After high school, Matthew Yam found himself in places much different from his home in Los Angeles. For 13 weeks in 2018, he stayed with host families in the Dominican Republic and Costa Rica. In the former, Yam helped build aqueducts in the mountains and latrines in the sugarcane fields. In the latter, he lived with a cacao farmer without electricity or internet access, helping the farmer start building a garage by hand.
“I was super scared in the beginning—I questioned myself those first two nights,” says Yam, 19. “But that faded. I got used to the environment, and I learned to be adaptable.”
Yam is one of hundreds of students to apply or graduate from a college program abroad offered by Verto Education, based in Berkeley, Calif. The company hopes to improve its study-abroad offerings with a newly raised $6.3 million seed round of funding. First Round Capital, GSV Ventures, 10xImpact, Box Group and others participated in the round.
Verto Education participant Jason Diemer snorkels during an environmental science course held in Fiji. (PHOTO CREDIT: VERTO EDUCATION)
The new financing will help Verto hire more employees and grow to eight program offerings next fall, says CEO and co-founder Mitch Gordon. He says his company operates like a college, with its own admissions staff. But it needs to grow its marketing efforts and continue to improve its programs, says Gordon, 41.
Founded in 2017, Verto accepts first-year college students aged 17 to 22 for a semester traveling to Central America, the South Pacific and Southeast Asia to learn about a variety of subjects including environmental science, public health, business and finance. The company also offers on-campus programs in places including Ireland, England and New Zealand. In 2020, Verto will include on-campus programming in Italy and Spain.
Students accepted by Verto are guaranteed acceptance into at least one of Verto’s 28 partner schools and with enrollment reserved the spring or fall after their trip. Partner schools include University of Oregon, University of Vermont and Bucknell University in Pennsylvania.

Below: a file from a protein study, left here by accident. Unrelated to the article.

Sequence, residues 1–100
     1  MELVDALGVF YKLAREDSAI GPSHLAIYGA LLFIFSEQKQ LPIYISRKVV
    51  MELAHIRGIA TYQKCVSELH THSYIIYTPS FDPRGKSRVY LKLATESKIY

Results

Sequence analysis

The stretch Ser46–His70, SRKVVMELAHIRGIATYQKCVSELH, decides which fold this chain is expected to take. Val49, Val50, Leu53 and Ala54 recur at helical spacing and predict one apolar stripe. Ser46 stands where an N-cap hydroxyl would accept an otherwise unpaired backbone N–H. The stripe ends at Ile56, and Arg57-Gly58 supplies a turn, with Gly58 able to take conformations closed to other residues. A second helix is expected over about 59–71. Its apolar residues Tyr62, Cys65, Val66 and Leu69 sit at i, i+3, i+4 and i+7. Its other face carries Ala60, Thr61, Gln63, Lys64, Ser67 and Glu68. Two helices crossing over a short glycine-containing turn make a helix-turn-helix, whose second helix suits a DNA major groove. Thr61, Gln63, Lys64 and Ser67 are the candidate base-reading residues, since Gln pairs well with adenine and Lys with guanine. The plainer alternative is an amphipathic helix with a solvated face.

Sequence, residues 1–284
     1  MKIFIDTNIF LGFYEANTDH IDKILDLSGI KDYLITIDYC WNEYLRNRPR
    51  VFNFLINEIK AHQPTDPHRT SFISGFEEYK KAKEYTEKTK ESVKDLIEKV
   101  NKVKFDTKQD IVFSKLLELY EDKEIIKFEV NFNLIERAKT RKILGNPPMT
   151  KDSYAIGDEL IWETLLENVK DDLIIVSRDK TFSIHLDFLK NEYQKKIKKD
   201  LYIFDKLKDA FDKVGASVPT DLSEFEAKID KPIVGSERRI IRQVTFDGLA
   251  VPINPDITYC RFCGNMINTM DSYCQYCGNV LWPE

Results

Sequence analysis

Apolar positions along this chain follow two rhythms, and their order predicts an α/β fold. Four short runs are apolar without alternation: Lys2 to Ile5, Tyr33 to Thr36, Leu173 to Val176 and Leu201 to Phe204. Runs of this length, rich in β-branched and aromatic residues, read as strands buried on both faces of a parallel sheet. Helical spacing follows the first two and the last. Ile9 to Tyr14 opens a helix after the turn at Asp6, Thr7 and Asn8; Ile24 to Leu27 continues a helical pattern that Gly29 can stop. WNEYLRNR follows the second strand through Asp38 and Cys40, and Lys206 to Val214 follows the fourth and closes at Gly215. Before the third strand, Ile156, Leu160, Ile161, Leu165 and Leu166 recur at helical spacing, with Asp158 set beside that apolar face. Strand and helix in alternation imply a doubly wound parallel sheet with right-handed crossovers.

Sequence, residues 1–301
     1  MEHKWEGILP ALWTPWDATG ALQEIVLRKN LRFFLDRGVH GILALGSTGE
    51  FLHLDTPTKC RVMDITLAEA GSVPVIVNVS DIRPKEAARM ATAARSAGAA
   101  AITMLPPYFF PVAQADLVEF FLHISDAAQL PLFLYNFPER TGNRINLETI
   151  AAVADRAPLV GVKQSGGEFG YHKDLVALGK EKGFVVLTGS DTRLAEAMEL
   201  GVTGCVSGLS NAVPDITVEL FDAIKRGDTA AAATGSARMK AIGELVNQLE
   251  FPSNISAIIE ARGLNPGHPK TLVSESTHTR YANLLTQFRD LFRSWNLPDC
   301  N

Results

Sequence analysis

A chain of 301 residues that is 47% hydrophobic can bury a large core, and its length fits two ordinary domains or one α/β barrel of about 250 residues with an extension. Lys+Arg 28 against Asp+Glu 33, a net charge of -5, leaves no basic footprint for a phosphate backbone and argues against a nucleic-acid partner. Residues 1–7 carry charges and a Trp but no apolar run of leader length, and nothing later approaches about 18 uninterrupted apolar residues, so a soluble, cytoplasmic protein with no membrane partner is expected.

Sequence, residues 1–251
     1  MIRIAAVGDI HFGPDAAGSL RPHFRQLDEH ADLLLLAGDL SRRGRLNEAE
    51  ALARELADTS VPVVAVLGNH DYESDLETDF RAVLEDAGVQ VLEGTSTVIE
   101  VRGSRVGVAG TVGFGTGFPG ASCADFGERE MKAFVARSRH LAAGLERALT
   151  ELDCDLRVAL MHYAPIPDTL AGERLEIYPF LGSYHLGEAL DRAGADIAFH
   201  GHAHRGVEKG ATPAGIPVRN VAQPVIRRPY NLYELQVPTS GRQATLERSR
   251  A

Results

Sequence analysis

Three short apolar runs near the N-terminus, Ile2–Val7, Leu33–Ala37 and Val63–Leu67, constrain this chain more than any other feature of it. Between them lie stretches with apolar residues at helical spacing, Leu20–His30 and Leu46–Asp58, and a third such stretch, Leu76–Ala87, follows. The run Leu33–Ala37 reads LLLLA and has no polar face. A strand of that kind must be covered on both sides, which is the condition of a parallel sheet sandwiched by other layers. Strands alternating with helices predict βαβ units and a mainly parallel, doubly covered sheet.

A Verto program can cost between $10,000 and $20,500 a semester, which pays for items including meals and entry fees to parks. Students can use financial aid and scholarships toward payment, but that tuition doesn’t include airfare and a few other costs. The program also requires a nonrefundable $500 deposit.
Verto is not the only company with a study-abroad focus, or the only one to win the interest of investors. Terra Dotta, provider of higher education travel risk management and international programs services, raised $3.4 million earlier this year.
Some companies that are focused on study-abroad opportunities in the U.S. for students based at colleges in other parts of the world have also curried investor interest. ApplyBoard and CollegeDekho are two such companies.
Students participate in a cultural anthropology course in Nausori, Fiji, as part of a Verto Education cohort. (PHOTO CREDIT: VERTO EDUCATION)
“Show the World”
Gordon’s interest in education through overseas travel started in his 20s, when he lived in Taiwan and taught English. He says learning to take care of himself in another country and navigate new cultural norms helped him become more empathetic and self-reliant. He wants Verto participants to come away with similar personal growth. “We want to show the world around them,” he says.
Gordon says safety is a priority, with students barred from drinking alcohol on Verto trips. He says he hopes to start a Verto program that takes participants to Africa by 2021.
Yam, the Verto participant, had graduated high school without knowing what career to work toward in college. Now a freshman at Tulane University, he says his goal is to become a consultant of sorts for entrepreneurs overseas. He’s already looking at programs to take him abroad again.
He says he still communicates with his host families from Costa Rica and Dominican Republic. His host father in Costa Rica even updated Yam on the finished hand-built garage.
“I really learned about what makes people tick,” he says. “It left me ready to take on new situations. It made me more curious.”